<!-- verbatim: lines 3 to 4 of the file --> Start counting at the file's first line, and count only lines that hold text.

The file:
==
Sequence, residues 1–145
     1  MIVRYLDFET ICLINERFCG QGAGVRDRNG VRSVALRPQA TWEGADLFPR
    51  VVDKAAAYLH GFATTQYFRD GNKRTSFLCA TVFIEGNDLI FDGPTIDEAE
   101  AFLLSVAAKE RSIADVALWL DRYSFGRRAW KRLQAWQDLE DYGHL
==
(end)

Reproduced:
    51  VVDKAAAYLH GFATTQYFRD GNKRTSFLCA TVFIEGNDLI FDGPTIDEAE
   101  AFLLSVAAKE RSIADVALWL DRYSFGRRAW KRLQAWQDLE DYGHL